Oh, the depth of the riches both of the wisdom and knowledge of God! How unsearchable are His judgments and His ways past finding out!

To use modern day texting lingo, such comprehensive knowledge – as much as we may want to know it – is actually TMI (too much info). If God were to reveal such things to us, we would recognize that he had revealed too much. We can trust him with what he knows and with not knowing it all ourselves (Deut 29:29):

The secret things belong to the LORD our God, but those things which are revealed belong to us and to our children forever, that we may do all the words of this law.

We can rest completely in God in response to difficult things.

For those who don’t follow Christ as God and Savior, in particular, to learn that God knows everything about them, hears their every word, observes their every action, and responds in kind sounds frightening and intrusive. It sounds more like the “Great Eye of Sauron” in J.R.R. Tolkien’s middle-earth stories or the “all-seeing-eye of Big Brother” in George Orwell’s 1984, a futuristic, anti-utopian novel. To these, God’s omniscience is a threat.

For those who follow Christ, however, and therefore know God as Father, we should find great comfort, hope, and peace in knowing that God knows everything about us and about everyone else, too, for that matter. Since is a holy, loving, caring, and just father, we know that he is capable and deserving of knowing all things and since we or no one else is so capable or deserving, we can rest and trust in his care, knowing that he knows all things. For us, God’s omniscience provides us with a refuge to hide in, a shelter to lie down in, and a fortress to stand upon in tumultuous times.

We live in a culture that values independence and self-reliance. We don’t like to feel dependent on other people who may have more experience, expertise, knowledge, or skill than we do. For instance, though we may get a doctor’s opinion and even a second opinion, we will question those professional opinions and rely on Google and self-help books to chart our way forward. We lean on YouTube to fix our cars and repair our houses, and we rely on popular investment schemes and techniques to buy and sell stocks.

While there is wisdom to being informed and to knowing things so that we’re not helpless, there is also great wisdom in finding a balance between knowing nothing at all and attempting to know everything. That’s why, for instance, our church has paid Kaizen Architectural Group, to prepare a master site plan for our future facilities and property plan, since none of our members have the kind of expertise to make comprehensive decisions about such planning.

In our attempts to know everything and be self-sufficient, what we fail to realize is that in our quest to know and understand everything for ourselves, we increase our anxiety and diminish our joy by taking so much responsibility upon ourselves.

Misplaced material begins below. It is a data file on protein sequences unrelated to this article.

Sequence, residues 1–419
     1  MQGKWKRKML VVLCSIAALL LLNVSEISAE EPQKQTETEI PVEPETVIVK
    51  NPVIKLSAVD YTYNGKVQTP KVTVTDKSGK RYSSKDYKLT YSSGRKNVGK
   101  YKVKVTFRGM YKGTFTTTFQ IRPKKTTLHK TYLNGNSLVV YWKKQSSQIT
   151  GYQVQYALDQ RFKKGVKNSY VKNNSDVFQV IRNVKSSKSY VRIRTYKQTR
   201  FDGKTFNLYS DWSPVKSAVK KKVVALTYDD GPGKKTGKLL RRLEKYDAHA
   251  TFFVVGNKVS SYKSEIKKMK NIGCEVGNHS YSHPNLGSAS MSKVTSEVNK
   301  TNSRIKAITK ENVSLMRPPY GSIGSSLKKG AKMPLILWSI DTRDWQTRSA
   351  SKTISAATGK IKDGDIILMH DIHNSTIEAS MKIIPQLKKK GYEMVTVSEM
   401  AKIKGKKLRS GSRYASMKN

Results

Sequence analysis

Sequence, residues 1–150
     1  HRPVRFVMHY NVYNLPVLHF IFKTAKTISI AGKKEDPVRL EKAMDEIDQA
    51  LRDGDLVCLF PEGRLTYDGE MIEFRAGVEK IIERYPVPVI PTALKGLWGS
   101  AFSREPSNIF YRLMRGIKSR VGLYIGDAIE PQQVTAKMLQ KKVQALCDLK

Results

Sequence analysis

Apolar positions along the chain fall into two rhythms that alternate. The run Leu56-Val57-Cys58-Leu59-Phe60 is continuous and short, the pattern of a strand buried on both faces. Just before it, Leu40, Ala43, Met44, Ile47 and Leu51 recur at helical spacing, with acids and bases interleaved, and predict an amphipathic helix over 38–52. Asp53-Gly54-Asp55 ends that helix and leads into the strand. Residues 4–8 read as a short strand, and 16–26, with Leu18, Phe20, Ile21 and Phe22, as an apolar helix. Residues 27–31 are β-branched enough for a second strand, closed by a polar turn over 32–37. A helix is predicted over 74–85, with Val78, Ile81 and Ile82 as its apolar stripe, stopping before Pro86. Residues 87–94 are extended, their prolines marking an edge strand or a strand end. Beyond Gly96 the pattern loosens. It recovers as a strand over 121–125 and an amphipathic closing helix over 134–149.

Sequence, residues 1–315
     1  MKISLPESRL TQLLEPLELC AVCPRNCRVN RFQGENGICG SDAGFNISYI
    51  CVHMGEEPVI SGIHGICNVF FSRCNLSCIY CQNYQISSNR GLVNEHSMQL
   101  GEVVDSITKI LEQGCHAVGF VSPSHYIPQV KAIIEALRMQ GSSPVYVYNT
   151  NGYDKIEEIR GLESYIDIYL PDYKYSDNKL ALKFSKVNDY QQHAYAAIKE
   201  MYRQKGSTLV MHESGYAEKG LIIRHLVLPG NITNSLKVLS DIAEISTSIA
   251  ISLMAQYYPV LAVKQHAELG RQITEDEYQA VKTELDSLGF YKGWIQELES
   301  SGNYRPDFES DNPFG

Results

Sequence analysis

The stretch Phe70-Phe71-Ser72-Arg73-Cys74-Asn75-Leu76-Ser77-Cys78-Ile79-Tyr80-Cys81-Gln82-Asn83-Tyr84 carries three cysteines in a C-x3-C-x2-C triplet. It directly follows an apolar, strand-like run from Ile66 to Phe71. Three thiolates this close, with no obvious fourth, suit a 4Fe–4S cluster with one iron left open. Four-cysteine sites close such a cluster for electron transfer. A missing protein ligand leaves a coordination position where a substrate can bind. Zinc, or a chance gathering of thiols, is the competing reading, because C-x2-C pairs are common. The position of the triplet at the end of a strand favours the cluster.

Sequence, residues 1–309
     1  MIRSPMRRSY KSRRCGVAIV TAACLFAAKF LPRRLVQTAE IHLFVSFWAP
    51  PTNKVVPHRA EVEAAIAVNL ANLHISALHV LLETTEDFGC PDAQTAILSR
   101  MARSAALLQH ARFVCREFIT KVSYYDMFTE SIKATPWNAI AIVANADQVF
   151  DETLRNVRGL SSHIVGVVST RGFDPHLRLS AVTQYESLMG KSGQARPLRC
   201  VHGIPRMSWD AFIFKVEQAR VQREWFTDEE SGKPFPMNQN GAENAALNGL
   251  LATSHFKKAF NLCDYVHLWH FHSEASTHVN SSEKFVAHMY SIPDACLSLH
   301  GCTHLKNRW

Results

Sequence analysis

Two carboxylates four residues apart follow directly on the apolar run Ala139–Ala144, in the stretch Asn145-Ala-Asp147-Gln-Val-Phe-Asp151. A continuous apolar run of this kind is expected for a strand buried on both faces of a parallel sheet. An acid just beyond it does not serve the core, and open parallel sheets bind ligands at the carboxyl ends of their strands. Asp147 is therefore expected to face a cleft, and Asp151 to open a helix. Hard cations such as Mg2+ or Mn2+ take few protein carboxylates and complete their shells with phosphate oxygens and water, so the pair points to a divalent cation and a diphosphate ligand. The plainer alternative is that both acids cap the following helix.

That’s why there is great freedom and joy in learning to choose wise counselors and service providers who are experienced at what they do so that you can lean on and learn from their personal and professional expertise (Prov 11:14):

In the multitude of counselors there is safety.

Let good doctors guide you, let good financial advisors manage your portfolio, and let good tradespeople repair your vehicles and build your house. You don’t have to know everything because no one can.

In an even more profound and significant way, we must learn to trust God in those things which are too hard for us to understand. He knows everything and he is perfectly faithful, just, and good. He alone is able to know everything about everything and everything about everyone. He alone is able to understand and respond correctly to everything that he knows – so when there are things which we cannot know and cannot understand, we must choose to rest in his all-knowing care, knowing that he knows, and he has and will handle what he knows with only the best and perfect care. Such knowledge is too wonderful, to incomprehensible for you and me – but not for him.

In Job 42:1-6, we read of Job’s final conclusions about God. This is what he concluded after he had lost his property, family, and health to tragic circumstances. This is what he concluded after a long and extensive series of questions and statements by his so-called friends who did nothing more than observe his suffering without empathy but only criticism, no matter how well-intended.

Then Job answered the LORD and said: “I know that You can do everything, And that no purpose of Yours can be withheld from You. You asked, ‘Who is this who hides counsel without knowledge?’ Therefore I have uttered what I did not understand, Things too wonderful for me, which I did not know. Listen, please, and let me speak; You said, ‘I will question you, and you shall answer Me.’ “I have heard of You by the hearing of the ear, but now my eye sees You. Therefore I abhor myself, And repent in dust and ashes.”

Through all of this, though Job never turned away from God, he himself gave answers and feedback which presumed to know better why things had happened to him. But in the end, he realized that he didn’t know as much as he thought he knew. He concluded, instead, by realizing that the one thing he needed to know and could know with certainty was that God knows, God cares, and God can be trusted.

God is the only one who knows everything about everything and everyone. So, rather than trying to figure out why things happen and why people do what they do or say what they say (or don’t say what they don’t say), we can turn instead to the God who does know all these things and can handle them exactly as they should be handled. Such knowledge is too wonderful for us – but we can rest in the God who knows. He will care for you perfectly, compassionately, and competently as you draw nearer to him.